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Written by Alicia Hutchinson of Learning Well Community
I homeschool a freshman in high school. I also homeschool a preschooler. People ask me all the time how we homeschool multiple ages.
Hahahahahaha! I have no idea.
We just do. And somehow, the one-room schoolhouse thing actually works. I’m just going to be honest and tell you that we had a total groove thang going on with my then 11, 8, and 5 year old. But I went and threw another baby into the mix and yes, it’s been a little challenging learning how to mesh all these people.
Now, we have a 15-, 11- (will be 12 this summer), 9-, and 4-year-old residing in the Hutchinson Academy of Learning and yes! It can be done!
I’m not going to say it’s easy, because it’s probably been the hardest part of homeschooling since my youngest was two or so. But I’ve also been at this homeschooling gig for long enough to know that each year is different and current circumstances don’t mean forever circumstances. And choosing to press forward rather than throw in the towel has it’s rewards.
Tips for Teaching Multiples
Here are a few things we do each week to get things done with a houseful of very different aged kids:
- First and foremost, we do absolutely everything that we can–together! This is just imperative in our house because when everyone is working together, that means I can sit in one spot and help/assist everyone at ONCE!
Here are the things we work on together:
- Morning Meeting
- Language Arts and Writing (for my middles)
- Read aloud
Here are the things the kids generally work on independently:
- Math lessons
- Independent reading
1. For the combined subjects, I’ll just go more in-depth with the older ones – assign more challenging reading and expect a higher level of work. For the independent work, they’ll all work at the same time and I’ll just hop from kid to kid explaining their lessons and making sure they’ve got it.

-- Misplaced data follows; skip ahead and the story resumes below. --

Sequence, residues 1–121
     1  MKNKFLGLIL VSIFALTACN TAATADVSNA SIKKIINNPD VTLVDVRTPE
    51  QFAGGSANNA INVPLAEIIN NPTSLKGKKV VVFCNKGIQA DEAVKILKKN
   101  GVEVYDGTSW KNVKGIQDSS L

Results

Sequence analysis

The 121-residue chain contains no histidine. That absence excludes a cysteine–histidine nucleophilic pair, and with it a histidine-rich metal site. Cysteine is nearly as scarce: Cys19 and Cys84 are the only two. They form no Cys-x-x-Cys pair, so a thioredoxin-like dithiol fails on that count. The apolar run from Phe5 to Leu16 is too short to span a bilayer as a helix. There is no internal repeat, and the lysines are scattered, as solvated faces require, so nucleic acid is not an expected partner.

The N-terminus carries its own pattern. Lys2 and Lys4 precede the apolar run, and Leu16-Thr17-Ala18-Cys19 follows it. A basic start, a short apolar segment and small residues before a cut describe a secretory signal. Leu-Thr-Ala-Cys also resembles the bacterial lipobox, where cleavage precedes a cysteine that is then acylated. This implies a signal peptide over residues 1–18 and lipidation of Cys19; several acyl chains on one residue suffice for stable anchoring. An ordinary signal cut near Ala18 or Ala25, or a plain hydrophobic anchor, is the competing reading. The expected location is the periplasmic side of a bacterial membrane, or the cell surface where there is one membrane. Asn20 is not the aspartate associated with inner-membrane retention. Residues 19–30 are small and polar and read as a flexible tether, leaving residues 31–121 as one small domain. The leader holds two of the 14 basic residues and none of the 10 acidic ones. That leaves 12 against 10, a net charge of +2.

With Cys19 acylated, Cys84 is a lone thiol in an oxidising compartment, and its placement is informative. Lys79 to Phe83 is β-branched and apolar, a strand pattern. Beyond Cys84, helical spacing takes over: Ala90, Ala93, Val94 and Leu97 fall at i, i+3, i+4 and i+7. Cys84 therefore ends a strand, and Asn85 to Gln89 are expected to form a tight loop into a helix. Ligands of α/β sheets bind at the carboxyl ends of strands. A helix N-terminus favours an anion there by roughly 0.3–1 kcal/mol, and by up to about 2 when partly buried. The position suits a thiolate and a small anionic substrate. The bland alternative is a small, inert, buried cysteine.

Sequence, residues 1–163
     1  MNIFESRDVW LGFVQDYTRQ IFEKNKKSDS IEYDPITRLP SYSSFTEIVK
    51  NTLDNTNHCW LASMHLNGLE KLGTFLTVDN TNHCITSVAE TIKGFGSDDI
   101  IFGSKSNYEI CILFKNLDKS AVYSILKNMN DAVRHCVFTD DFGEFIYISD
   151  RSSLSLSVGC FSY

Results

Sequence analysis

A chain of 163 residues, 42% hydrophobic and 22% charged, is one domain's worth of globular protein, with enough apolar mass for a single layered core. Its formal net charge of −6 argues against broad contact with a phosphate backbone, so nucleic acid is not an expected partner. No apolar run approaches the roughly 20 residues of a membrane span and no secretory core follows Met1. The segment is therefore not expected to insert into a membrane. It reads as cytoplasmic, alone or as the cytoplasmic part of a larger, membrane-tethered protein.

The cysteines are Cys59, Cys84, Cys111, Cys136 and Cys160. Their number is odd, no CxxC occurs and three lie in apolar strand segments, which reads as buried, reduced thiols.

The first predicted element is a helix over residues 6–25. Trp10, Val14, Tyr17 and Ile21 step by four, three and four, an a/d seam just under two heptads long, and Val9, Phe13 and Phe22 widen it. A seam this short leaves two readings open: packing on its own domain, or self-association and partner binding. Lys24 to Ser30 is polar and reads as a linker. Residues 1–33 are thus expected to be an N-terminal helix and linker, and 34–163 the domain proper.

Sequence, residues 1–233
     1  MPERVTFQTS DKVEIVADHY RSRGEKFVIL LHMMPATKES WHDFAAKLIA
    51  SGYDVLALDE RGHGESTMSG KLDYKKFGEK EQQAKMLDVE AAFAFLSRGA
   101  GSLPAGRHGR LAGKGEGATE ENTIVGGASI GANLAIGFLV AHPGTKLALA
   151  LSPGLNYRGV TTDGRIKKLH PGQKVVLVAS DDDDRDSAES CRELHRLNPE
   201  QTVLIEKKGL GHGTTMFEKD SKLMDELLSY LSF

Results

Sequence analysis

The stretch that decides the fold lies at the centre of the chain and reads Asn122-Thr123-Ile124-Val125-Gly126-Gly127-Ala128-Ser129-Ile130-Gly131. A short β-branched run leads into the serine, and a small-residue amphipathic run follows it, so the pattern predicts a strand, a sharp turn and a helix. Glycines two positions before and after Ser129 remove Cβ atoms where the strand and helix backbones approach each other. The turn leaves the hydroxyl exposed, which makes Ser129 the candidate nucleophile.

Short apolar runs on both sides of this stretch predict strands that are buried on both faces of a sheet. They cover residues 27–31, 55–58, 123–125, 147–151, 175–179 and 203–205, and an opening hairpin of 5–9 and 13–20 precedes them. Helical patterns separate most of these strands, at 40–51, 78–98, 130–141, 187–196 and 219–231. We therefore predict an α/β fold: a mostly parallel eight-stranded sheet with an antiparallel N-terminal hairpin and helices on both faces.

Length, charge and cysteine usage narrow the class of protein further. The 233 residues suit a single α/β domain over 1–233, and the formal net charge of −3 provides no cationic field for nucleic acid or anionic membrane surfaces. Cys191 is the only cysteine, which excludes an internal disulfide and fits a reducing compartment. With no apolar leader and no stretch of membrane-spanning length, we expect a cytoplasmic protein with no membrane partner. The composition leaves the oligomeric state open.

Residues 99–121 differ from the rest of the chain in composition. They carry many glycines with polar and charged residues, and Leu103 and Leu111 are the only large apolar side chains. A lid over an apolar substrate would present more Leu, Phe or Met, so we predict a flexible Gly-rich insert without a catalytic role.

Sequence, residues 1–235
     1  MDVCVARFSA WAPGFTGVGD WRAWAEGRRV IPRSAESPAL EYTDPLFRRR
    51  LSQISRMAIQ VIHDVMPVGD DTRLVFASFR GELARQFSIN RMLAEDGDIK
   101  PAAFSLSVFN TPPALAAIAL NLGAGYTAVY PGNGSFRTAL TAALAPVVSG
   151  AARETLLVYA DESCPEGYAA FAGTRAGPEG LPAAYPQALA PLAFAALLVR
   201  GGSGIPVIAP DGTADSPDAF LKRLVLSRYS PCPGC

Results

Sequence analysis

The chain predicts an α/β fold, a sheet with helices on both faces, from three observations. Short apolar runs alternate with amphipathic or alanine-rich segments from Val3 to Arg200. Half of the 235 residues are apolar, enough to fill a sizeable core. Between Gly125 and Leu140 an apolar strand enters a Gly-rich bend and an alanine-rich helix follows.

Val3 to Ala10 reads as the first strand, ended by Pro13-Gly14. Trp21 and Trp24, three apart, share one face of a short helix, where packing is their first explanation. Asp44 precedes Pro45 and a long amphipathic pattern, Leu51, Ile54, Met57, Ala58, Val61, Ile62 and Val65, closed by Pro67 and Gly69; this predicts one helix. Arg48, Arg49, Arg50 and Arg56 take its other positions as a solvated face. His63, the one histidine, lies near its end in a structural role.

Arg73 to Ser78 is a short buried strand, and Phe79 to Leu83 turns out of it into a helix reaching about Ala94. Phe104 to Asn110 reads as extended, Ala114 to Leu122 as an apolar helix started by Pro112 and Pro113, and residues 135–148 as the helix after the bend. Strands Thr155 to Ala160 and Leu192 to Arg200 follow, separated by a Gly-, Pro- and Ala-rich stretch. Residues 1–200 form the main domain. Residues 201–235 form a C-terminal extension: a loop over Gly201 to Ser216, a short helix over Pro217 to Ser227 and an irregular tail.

- My kids each have assignment notebooks that they’re expected to follow if I’m busy with someone else. I typically will fill these out at the beginning of the week. So if I’m busy they can move on to their next thing without getting off track. We were having a big problem with kids sort of wandering off during school when I was working with someone else. If they know to follow the day’s plan, it’s been much less of an issue.
- Tame the Toddler. Haha! Just kidding, it’s impossible … it was just a clever alliteration. But since a toddler can be one of the biggest (albeit, cutest) interruptions of a homeschool day, it is a good thing to have a plan for her.
For us, I have a rotation of fun things for her to do for the first bit of our school day. We normally do school for about 2-3 hours. So I aim to give her things to entertain her for the first ½ of that time. We rotate sensory sand, play clay with cookie cutters, markers, used workbooks that she thinks are the real deal, and any other fun art supply I can get my hands on. (More ideas HERE in this post about homeschooling with toddlers.)
And here’s where the real truth telling happens: for the second ½ of our homeschool morning, I let Sesame Street teach my little girl.
Yes, TV. I know we’ve beaten to death the argument that screens are bad, nature is good. But sometimes you just gotta do what’s best for your season of life. And for me with a teenager all the way down to a very busy little lady child, PBS Kids is where it’s at.
TV time is limited and it’s never on all day or anything crazy, but I do turn it on almost every school day morning for my 4-year-old.
Does that make you feel freer? Yer welcome.
Managing Multiple Ages is Not Forever
I know when you’re in the thick of it, the daily struggles seem like they’ll never change.
But they will.
And even though I’m talking with one child about driver’s ed and sex (save me, Jesus) and wiping pee off the floor for the other one, I know my life won’t always look like this.
My natural-self would lament and stew about this juggle. But my wiser-non-natural-self told me to take a chill pill, light a candle and watch as all four of my kids sit at the table with their copywork books and copy passages from their current reads.
I can breathe deep when I see my 9th grader quiz my 3rd grader on her math facts and swap places while she quizzes him on his co-op science test.
The mixing of ages actually is a beautiful thing when I get over fretting about it.